Branding lessons from a design agency
By The Owen Agency | 23 May 2016
Every single person and you
Another day at your desk. Stooped in front of your computer, pretending to listen to the chronicles of Brian's dull weekend. You didn't think anyone could be so boring. But here he stands, the embodiment of grey, theorising about why ketchup is too spicy for him. As his nasal voice chips away at your soul, you question what terrible things you must have done in a past life to deserve karma's full and unforgiving wrath.
Everything we do or say adds to the cumulative value of how others view us. That perception might start with how we present ourselves in a physical respect, but it's so much more. It's how you act, what you wear, your gait, the way you speak, the things you share on Facebook, what films you like, your favourite food. It's a lot of things. And it's everything combined to make one cohesive identity.
Got you all figured out.
Brands work in the same way. Your brand is what your business represents to your audience. Every detail of everything the world can see needs to be in-line with what your business is all about. Think about how it would look if you opened the doors to somewhere like Google, and saw rows of cubicles housing men in suits rather than a vibrant room filled with diverse characters and off-beat quirks. It would be disjointed. And discrete from everything else the brand purports itself to be.
The brand has to be right, always, and across the board. If one element of your business falls out of line with the brand, people will notice. The key to building a successful brand is consistency. Brian might be the most unpalatable person you know, but at least he's unwavering in his dreariness. So you know what you're in for.
The logo comes later - how to build a brand.
No one gets worked up quite like a comic book fan when his or her favourite character does something strange. Woe betides any writer who doesn’t stick to the years of backstory and character development. There are rules to this.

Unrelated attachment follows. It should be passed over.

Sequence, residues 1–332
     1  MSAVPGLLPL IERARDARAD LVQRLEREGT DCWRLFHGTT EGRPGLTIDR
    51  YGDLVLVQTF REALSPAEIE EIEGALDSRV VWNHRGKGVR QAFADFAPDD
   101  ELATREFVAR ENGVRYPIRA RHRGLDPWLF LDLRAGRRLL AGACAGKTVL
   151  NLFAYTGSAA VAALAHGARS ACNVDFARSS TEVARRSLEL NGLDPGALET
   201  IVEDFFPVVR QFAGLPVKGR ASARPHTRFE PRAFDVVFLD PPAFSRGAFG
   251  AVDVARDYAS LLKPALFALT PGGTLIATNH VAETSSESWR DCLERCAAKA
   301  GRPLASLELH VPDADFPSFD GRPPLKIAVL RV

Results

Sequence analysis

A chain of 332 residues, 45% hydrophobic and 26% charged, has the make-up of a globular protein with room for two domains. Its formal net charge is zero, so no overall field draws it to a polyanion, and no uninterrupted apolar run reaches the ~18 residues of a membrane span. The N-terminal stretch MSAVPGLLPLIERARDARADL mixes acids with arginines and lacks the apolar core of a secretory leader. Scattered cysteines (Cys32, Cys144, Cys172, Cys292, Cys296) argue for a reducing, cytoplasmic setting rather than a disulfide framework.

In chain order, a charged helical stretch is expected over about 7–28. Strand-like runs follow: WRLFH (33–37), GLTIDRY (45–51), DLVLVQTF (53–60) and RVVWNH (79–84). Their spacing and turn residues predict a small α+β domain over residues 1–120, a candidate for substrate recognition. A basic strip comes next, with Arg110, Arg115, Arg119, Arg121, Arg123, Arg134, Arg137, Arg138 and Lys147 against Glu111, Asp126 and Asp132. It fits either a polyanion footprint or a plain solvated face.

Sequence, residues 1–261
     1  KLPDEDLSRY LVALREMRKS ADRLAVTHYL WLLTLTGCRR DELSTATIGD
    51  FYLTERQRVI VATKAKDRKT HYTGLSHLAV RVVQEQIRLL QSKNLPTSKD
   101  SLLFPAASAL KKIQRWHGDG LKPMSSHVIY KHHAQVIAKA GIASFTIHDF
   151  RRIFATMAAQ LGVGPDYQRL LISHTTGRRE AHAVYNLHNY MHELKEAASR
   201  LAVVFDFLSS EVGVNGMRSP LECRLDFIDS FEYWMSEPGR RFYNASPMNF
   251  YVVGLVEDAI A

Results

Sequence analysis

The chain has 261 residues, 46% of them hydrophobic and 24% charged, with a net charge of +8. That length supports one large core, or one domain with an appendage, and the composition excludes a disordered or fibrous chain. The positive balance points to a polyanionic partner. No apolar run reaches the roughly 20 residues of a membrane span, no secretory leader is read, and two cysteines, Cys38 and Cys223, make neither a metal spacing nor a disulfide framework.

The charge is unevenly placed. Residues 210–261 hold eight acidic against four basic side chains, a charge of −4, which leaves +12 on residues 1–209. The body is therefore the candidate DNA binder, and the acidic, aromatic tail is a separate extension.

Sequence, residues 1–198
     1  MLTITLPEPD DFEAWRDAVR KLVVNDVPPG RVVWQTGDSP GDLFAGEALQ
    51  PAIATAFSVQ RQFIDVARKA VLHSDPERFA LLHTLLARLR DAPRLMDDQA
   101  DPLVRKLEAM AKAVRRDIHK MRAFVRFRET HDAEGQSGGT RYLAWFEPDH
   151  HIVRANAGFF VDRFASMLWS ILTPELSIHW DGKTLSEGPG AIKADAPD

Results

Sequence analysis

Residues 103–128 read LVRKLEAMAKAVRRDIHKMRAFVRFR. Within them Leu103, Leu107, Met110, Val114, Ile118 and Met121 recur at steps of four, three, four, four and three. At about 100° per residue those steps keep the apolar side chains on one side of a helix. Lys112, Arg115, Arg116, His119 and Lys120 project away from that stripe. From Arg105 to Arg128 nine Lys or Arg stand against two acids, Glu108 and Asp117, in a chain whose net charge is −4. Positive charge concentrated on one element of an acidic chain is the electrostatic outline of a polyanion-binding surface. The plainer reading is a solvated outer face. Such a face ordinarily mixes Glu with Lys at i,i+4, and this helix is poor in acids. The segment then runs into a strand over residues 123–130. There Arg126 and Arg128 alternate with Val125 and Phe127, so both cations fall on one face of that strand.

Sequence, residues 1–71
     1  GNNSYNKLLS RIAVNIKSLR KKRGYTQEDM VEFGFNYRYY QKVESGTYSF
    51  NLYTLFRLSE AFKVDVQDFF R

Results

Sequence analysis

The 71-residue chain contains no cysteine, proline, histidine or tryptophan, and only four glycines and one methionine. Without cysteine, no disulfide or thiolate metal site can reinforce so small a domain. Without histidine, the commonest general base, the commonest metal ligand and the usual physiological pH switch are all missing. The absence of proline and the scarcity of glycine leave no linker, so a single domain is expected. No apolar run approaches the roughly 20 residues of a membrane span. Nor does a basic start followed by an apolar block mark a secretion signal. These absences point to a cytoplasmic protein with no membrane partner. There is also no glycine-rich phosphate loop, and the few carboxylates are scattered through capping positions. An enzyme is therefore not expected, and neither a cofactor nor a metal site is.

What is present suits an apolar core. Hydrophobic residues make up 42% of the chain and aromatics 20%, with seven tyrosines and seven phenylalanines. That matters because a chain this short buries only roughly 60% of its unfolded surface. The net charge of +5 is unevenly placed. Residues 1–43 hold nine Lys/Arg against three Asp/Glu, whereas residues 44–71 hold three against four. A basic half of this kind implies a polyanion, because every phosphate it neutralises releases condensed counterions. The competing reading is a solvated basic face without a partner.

If you were to take hold of Batman's story, for example, you'd be taking on more than just the Bat-signal and his iconic cape and cowl. Along with the imagery we associate with Bruce Wayne's alter ego comes his morality, stoicism and enduring principles. These virtues are where the character starts and ends. Informing every decision he makes, these must be guarded, referred to, and respected at all times. Otherwise he's no longer Batman. And the fans want Batman.
It’s the same for brands. Every one has its own personality and list of conventions that they stick to. Businesses work hard to develop an enduring public image and a recognisable brand. This is how heavyweight brands manage to hold the lion's share of our awareness. They all have a solid base to fall back on. They know that anything that is associated with them is representative of their business as a whole. They understand the implications of taking their core values lightly. They have everything worked out, down to the most miniscule of details.
They are consistent with their brand.
How does it work?